Terms of Use.

Career Services

Day In a Page

Abuse - and the hell that came afterwards

Abuse - and the hell that follows

James Rhodes on the extraordinary legal battle to publish his memoir
Why we need a 'tranquility map' of England, according to campaigners

It's oh so quiet!

The case for a 'tranquility map' of England
'Timeless fashion': It may be a paradox, but the industry loves it

'Timeless fashion'

It may be a paradox, but the industry loves it
If the West needs a bridge to the 'moderates' inside Isis, maybe we could have done with Osama bin Laden staying alive after all

Could have done with Osama bin Laden staying alive?

Robert Fisk on the Fountainheads of World Evil in 2011 - and 2015
New exhibition celebrates the evolution of swimwear

Evolution of swimwear

From bathing dresses in the twenties to modern bikinis
Sun, sex and an anthropological study: One British academic's summer of hell in Magaluf

Sun, sex and an anthropological study

One academic’s summer of hell in Magaluf
From Shakespeare to Rising Damp... to Vicious

Frances de la Tour's 50-year triumph

'Rising Damp' brought De la Tour such recognition that she could be forgiven if she'd never been able to move on. But at 70, she continues to flourish - and to beguile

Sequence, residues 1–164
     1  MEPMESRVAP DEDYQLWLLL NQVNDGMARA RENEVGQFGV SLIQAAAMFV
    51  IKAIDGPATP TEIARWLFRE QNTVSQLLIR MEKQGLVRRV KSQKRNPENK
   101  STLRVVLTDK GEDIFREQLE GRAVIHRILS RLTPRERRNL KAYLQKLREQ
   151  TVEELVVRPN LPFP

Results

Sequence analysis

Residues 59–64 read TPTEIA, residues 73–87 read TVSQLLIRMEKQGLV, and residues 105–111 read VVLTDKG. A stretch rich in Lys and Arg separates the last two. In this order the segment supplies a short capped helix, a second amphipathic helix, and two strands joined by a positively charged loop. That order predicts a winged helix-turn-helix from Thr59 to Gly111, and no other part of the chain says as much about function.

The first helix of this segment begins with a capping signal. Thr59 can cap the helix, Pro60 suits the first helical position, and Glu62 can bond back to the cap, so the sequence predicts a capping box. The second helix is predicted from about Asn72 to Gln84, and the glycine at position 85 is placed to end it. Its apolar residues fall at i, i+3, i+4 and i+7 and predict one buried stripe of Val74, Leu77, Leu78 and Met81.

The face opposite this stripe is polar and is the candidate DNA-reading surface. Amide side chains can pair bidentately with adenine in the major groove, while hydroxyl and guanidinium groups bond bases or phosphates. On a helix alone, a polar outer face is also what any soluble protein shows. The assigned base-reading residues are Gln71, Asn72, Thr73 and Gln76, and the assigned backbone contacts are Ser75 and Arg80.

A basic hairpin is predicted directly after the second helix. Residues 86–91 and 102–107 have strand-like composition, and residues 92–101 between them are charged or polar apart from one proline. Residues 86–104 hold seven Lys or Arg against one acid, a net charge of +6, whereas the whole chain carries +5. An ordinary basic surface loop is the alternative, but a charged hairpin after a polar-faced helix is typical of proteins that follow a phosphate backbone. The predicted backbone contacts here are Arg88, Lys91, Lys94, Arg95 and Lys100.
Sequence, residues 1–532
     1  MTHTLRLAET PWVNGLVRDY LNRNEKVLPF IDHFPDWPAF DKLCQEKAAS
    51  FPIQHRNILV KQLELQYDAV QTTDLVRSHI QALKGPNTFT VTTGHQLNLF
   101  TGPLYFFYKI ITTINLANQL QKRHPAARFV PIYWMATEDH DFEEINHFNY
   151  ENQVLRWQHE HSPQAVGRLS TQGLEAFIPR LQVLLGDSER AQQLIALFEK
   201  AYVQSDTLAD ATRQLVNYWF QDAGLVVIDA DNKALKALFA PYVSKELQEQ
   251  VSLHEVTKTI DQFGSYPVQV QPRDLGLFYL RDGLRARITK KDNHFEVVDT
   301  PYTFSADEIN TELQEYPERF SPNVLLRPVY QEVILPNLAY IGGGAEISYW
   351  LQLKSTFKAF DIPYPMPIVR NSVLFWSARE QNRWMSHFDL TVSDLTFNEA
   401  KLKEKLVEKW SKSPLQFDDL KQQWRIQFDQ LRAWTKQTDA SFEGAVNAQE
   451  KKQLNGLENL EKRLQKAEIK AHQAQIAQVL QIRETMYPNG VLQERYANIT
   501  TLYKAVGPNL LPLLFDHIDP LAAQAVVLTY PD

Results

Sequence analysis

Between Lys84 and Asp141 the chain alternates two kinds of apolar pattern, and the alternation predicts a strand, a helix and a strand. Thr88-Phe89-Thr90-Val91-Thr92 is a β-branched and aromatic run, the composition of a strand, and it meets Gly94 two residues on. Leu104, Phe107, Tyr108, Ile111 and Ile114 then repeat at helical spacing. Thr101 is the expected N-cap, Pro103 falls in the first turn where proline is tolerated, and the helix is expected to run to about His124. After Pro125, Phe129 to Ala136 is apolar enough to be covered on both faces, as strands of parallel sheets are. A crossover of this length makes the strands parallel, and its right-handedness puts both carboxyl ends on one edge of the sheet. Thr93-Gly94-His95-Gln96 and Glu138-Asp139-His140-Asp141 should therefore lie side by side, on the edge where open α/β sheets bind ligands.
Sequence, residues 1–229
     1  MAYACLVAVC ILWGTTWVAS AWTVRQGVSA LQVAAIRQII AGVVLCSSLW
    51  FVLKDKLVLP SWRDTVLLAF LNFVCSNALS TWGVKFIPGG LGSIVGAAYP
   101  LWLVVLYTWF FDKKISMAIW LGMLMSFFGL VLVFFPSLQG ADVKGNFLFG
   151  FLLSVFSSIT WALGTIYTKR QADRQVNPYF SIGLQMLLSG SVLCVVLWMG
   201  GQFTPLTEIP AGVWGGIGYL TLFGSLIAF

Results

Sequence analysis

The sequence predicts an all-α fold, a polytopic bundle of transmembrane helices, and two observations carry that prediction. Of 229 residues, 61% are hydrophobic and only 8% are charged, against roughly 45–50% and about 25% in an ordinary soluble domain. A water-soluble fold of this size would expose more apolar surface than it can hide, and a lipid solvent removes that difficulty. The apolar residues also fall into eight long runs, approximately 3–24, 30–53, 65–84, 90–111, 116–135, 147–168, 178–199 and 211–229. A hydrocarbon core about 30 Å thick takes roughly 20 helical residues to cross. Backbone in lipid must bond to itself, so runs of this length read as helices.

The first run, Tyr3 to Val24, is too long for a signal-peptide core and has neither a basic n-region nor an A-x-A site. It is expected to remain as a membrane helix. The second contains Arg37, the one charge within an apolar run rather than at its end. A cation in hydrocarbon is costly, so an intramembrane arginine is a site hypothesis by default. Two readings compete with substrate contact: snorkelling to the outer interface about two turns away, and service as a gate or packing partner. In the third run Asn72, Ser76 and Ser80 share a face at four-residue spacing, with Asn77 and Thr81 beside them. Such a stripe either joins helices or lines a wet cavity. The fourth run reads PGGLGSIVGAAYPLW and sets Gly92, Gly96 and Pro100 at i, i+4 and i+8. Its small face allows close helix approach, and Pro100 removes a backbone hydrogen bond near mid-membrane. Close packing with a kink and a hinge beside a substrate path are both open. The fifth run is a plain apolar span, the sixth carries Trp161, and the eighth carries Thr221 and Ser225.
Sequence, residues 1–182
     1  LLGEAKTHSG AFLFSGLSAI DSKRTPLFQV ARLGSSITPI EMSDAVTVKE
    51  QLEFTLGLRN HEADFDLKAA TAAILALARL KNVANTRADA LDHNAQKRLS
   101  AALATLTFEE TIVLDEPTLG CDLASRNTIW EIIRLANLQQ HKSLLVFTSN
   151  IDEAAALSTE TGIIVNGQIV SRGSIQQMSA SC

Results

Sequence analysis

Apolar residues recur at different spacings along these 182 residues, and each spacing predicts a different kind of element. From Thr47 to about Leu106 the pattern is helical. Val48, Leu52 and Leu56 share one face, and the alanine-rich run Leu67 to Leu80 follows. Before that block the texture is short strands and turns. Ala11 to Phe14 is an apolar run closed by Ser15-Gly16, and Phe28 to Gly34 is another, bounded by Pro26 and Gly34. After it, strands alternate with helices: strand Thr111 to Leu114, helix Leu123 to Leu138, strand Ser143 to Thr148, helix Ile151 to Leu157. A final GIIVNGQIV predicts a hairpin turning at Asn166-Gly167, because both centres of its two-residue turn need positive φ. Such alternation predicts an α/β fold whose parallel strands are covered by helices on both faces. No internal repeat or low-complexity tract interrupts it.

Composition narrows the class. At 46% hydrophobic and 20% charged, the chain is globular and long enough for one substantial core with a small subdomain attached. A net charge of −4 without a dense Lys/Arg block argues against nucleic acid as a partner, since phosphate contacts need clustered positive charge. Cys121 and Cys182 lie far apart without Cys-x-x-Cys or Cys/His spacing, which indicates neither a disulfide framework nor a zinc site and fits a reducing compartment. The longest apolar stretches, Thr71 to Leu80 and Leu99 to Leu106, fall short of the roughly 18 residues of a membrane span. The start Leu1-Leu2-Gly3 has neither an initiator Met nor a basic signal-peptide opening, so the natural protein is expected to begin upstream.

'That Whitsun, I was late getting away...'

Ian McMillan on the Whitsun Weddings

This weekend is Whitsun, and while the festival may no longer resonate, Larkin's best-loved poem, lives on - along with the train journey at the heart of it
Kathryn Williams explores the works and influences of Sylvia Plath in a new light

Songs from the bell jar

Kathryn Williams explores the works and influences of Sylvia Plath
How one man's day in high heels showed him that Cannes must change its 'no flats' policy

One man's day in high heels

...showed him that Cannes must change its 'flats' policy
Is a quiet crusade to reform executive pay bearing fruit?

Is a quiet crusade to reform executive pay bearing fruit?

Dominic Rossi of Fidelity says his pressure on business to control rewards is working. But why aren’t other fund managers helping?
The King David Hotel gives precious work to Palestinians - unless peace talks are on

King David Hotel: Palestinians not included

The King David is special to Jerusalem. Nick Kochan checked in and discovered it has some special arrangements, too
More people moving from Australia to New Zealand than in the other direction for first time in 24 years

End of the Aussie brain drain

More people moving from Australia to New Zealand than in the other direction for first time in 24 years
Meditation is touted as a cure for mental instability but can it actually be bad for you?

Can meditation be bad for you?

Researching a mass murder, Dr Miguel Farias discovered that, far from bringing inner peace, meditation can leave devotees in pieces
Eurovision 2015: Australians will be cheering on their first-ever entrant this Saturday

Australia's first-ever Eurovision entrant

Australia, a nation of kitsch-worshippers, has always loved the Eurovision Song Contest. Maggie Alderson says it'll fit in fine